Of the few moments which are left in our disposal, it may reasonably be expected, that we should be so frugal, as to let none of them slip from us without some equivalent; and perhaps it might be found, that as the Earth, however straightened by rocks and waters, is capable of producing more than all its inhabitants are able to consume, our lives, though much contracted by
incidental distraction, would yet afford us a large space vacant to the exercise of reason and virtue ;. that we want not time, but diligence, for great performances; and that we squander much of our allowance, even while we think it sparing and insufficient.
This natural and necessary comminution of our; lives, perhaps, often makes us insensible of the negligence with which we suffer them to slide away. We never consider ourselves as possessed at once of time sufficient for any great design, and therefore indulge ourselves in fortuitous amusements. We think it unnecessary to take an account of a few supernumerary moments, which, however employed, could have produced little advantage, and which were exposed to a thousand chances of disturbance and interruption.
It is observable, that, either by nature or by habit, our faculties are fitted to images of a certain extent, to which we adjust great things by division, and little things by accumulation. Of extensive surfaces we can only take a survey, as the parts succeed one another; and atoms we cannot perceive, till they are united into masses. Thus we break the vast periods of time into centuries and years; and thus, if we would know the amount of moments, we must agglomerate them into days and weeks.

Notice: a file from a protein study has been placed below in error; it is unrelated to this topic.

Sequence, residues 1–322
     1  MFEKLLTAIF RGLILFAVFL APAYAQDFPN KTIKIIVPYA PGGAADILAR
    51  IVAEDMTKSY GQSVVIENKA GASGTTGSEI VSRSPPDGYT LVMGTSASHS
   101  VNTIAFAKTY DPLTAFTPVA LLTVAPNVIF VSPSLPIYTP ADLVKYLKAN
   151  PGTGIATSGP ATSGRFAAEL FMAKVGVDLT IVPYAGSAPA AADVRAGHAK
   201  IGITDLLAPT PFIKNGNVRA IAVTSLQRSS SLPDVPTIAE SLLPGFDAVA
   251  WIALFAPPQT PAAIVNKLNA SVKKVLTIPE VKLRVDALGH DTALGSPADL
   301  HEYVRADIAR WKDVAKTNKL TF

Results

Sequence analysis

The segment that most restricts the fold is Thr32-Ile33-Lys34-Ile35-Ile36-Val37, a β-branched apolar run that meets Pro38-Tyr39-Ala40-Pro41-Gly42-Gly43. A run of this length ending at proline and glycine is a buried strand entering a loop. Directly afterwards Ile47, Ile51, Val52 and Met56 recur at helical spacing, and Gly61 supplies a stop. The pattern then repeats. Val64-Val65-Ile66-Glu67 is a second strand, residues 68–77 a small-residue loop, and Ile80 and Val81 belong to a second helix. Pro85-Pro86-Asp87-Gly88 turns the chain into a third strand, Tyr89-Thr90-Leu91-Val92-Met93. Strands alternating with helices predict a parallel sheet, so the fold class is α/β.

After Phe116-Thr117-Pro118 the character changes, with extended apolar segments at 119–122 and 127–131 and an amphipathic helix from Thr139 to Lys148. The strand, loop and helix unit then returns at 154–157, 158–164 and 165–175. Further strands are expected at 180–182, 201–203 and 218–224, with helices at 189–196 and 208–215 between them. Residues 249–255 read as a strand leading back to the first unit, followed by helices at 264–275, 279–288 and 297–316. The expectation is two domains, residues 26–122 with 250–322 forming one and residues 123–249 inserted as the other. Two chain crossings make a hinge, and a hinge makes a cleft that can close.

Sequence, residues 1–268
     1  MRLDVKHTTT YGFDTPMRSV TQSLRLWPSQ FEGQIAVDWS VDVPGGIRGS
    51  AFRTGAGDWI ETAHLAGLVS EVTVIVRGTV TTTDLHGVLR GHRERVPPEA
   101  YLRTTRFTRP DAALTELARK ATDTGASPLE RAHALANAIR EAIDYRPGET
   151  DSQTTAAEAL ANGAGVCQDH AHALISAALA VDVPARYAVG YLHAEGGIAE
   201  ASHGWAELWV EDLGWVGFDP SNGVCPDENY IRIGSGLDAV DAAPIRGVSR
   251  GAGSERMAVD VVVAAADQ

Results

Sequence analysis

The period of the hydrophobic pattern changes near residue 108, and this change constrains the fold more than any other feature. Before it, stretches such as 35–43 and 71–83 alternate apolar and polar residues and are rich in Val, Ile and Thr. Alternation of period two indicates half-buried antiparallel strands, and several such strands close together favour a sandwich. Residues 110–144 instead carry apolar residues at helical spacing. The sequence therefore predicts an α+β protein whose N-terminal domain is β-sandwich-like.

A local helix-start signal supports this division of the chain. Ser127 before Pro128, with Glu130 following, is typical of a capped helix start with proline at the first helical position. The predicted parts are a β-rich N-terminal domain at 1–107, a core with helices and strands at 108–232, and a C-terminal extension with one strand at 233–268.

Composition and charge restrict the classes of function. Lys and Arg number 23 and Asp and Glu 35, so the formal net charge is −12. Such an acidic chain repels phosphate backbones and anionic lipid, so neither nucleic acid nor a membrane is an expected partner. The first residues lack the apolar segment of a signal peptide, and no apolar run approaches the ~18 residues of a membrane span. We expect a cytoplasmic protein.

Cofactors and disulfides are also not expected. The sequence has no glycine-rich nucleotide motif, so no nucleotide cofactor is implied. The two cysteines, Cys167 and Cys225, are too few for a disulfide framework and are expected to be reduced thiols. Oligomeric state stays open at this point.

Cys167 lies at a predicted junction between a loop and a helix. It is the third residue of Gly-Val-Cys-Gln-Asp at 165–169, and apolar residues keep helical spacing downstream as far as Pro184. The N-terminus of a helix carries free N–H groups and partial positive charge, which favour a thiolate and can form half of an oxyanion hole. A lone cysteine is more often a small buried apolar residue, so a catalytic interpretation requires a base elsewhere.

The proverbial oracles of our parsimonious ancestors have informed us, that the fatal waste of fortune is by small expenses, by the profusion of sums too little singly to alarm our caution, and which we never suffer ourselves to consider together. Of the same kind is the prodigality of
life; he that hopes to look back hereafter with satisfaction upon past years, must learn to know the present value of single minutes, and endeavour to let no particle of time fall useless to the ground.
It is usual for those who are advised to the attainment of any new qualifications, to look upon themselves as required to change the general course of their conduct, to dismiss their business, and exclude pleasure, and to devote their days or nights to a particular attention. But all common degrees of excellence are attainable at a lower price; he that should steadily and resolutely assign to any science or language those interstitial vacancies, which intervene in the most crowded variety of diversion or employment, would find every day new irradiations of knowledge, and discover how much more is to be hoped from frequency and perseverance, than from violent efforts and sudden desires; efforts which are soon remitted when they encounter difficulty, and desires which, if they are indulged too often, will shake off the authority of reason, and range capriciously from one object to another.
The disposition to defer every important design to a time of leisure, and a state of settled uniformity, proceeds generally from a false estimate of the human powers. If we except those gigantic and stupendous intelligences who are said to grasp a system by intuition, and bound forward from one series of conclusions to another, without regular steps through intermediate propositions, the most successful students make their advances in knowledge by short flights, between